Wheat is underperforming as a cash crop in the minds of many Oklahoma producers, leading some to look at the feasibility of planting alternative summer crops as drought persists in the state.
Kim Anderson, Oklahoma State University Cooperative Extension grain marketing specialist, said many state crop producers are currently considering corn, milo, soybeans and cotton.
“Based on the market's current offering on these crops, the most profit rests with cotton and soybeans,” he said. “That is certainly not the only consideration, but grain markets can play a significant role. Every producer looking at alternative crop decisions should take the time to put pencil to paper and examine all economic factors.”
Given the breakeven price of $8.50 for the variable cost of soybeans at a production rate of 25 bushels per acre, stacked against a harvest delivery price as of this writing at approximately $9.10, a producer stands to profit nearly 60 cents per bushel or $15 per acre.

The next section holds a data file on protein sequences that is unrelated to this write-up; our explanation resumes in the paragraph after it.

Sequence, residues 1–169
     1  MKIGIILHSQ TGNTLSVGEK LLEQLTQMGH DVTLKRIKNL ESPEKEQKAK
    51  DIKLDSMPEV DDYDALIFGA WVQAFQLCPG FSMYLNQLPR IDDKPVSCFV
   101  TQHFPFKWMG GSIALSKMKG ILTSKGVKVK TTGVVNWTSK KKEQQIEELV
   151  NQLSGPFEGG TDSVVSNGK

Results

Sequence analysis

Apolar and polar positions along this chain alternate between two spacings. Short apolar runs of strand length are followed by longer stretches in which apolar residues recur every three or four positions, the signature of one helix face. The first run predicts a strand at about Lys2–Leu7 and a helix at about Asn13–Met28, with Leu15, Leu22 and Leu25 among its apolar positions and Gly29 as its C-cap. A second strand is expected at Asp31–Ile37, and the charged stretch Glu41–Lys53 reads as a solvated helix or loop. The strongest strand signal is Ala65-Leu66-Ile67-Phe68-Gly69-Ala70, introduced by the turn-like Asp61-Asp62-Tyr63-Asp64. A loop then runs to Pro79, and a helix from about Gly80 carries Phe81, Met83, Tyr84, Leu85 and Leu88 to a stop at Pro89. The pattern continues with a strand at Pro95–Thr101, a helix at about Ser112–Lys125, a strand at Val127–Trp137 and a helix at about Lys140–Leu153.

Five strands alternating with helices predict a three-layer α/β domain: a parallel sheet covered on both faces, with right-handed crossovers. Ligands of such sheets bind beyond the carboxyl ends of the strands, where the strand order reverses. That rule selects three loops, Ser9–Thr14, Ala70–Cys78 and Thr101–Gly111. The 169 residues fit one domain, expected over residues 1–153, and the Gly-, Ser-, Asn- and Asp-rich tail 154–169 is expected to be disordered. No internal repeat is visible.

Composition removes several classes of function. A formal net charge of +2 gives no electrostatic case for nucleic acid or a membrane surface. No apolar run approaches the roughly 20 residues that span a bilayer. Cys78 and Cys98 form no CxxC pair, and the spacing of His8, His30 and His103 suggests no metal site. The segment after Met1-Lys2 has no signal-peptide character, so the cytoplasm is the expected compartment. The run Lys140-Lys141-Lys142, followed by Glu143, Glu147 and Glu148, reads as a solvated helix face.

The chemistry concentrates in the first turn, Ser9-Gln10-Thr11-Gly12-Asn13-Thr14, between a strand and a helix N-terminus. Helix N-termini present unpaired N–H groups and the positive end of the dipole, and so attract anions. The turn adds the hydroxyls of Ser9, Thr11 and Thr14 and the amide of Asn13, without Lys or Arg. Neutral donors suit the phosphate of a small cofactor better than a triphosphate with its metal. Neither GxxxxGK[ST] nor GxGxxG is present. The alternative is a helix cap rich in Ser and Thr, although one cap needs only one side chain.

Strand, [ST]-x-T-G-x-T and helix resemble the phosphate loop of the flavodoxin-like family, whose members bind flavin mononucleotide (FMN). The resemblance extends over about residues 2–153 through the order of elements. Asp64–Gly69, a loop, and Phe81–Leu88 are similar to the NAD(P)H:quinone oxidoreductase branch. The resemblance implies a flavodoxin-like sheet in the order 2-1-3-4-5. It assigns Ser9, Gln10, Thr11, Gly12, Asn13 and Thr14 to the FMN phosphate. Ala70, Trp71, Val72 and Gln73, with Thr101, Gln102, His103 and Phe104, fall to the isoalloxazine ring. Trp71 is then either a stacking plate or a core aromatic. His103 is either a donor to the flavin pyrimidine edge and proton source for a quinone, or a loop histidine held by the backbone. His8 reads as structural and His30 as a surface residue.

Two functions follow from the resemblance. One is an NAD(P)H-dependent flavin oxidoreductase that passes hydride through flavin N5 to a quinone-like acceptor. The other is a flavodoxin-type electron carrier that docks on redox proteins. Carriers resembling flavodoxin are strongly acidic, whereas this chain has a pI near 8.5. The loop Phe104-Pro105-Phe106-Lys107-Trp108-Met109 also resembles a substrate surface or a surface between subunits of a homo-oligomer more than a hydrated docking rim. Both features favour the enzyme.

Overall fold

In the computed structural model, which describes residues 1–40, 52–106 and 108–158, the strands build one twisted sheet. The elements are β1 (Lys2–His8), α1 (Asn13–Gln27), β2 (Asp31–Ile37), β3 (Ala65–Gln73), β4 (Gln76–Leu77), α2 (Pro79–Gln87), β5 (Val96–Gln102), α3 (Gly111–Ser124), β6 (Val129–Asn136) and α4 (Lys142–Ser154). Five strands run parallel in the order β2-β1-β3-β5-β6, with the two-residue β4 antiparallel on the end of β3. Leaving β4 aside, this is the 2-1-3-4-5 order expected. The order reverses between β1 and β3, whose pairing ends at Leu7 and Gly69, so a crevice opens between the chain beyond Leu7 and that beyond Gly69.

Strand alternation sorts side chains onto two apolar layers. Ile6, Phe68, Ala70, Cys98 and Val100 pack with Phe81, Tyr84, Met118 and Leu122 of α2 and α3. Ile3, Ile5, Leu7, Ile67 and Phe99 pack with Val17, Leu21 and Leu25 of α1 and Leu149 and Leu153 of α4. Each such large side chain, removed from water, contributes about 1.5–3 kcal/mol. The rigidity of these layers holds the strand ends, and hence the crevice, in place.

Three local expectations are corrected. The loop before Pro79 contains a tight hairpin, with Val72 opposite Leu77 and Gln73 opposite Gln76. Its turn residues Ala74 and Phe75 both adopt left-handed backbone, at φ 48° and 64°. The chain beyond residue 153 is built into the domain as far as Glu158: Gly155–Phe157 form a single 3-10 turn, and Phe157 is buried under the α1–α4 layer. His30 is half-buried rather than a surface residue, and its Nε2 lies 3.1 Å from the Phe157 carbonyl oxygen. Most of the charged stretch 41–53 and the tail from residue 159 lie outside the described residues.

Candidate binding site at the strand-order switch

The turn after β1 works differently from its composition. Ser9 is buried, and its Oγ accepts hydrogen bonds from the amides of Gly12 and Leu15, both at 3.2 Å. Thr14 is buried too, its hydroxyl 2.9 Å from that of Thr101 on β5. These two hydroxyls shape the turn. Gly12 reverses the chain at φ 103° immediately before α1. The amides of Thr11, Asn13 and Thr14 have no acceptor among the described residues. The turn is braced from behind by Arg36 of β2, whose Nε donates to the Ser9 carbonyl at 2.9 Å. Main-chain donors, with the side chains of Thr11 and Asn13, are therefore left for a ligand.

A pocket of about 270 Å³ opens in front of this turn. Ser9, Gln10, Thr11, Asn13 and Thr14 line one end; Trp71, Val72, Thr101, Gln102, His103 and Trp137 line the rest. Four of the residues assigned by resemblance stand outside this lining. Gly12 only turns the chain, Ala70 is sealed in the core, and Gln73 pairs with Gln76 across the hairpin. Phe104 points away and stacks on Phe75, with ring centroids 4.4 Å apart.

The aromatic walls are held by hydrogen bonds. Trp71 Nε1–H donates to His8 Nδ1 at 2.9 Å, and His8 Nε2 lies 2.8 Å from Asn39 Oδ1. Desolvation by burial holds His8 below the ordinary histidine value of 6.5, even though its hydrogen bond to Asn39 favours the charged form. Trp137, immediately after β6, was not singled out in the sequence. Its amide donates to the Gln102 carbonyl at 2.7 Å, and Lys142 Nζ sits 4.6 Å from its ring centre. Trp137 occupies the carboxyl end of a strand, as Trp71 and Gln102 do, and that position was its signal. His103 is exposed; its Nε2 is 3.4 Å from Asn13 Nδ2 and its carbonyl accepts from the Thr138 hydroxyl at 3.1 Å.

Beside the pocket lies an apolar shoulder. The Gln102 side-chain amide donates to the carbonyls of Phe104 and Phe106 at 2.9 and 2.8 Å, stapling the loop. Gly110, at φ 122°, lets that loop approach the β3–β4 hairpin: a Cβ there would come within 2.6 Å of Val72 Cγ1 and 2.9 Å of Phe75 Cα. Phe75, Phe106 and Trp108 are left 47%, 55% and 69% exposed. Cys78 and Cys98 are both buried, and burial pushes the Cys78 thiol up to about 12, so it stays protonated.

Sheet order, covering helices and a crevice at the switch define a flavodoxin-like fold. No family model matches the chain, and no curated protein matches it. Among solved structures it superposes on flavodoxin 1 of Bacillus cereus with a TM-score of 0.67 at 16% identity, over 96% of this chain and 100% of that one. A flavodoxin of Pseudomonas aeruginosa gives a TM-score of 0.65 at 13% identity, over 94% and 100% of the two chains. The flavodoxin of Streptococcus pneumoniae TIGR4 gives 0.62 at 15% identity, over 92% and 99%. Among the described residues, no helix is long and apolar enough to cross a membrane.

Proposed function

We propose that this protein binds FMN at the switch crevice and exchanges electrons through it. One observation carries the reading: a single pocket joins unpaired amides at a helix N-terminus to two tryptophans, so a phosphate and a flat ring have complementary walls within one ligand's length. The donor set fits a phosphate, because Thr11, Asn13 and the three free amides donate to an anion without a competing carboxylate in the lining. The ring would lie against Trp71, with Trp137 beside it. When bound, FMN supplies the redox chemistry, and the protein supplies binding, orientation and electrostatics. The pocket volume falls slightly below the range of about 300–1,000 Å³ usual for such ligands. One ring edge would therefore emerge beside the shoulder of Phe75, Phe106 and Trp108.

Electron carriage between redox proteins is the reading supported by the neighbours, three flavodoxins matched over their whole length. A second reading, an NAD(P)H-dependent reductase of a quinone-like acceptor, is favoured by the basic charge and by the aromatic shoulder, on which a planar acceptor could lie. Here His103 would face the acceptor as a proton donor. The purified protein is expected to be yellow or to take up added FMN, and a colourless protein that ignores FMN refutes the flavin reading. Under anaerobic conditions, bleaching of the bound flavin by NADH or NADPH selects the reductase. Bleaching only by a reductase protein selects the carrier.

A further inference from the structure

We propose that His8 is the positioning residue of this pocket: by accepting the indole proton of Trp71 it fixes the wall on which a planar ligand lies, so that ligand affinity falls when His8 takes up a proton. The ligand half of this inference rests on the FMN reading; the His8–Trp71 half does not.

“That's a better deal than one would get for either corn or milo, both currently at their breakeven price of $3.35 per bushel,” Anderson said. “Cotton may be more profitable than soybeans but the risk may be higher as well. It costs about three times more to produce cotton than soybeans, plus harvesting cotton requires specialized equipment.”
The price of wheat being offered right now falls just a penny under the breakeven for variable cost based on a 35-bushel-per-acre estimate of $4.31, plus or minus 20 cents depending on a producer’s location.
“Bottom line: Wheat producers may be able to command a price of up to $5 if they are able to deliver a quality product with high test weight and protein,” Anderson said.
In terms of the state economy, cash receipts for Oklahoma soybeans account for nearly $89 million annually, according to USDA National Agricultural Statistics Service data. The Oklahoma Cooperative Extension Service is one of two state agencies administered by OSU’s Division of Agricultural Sciences and Natural Resources.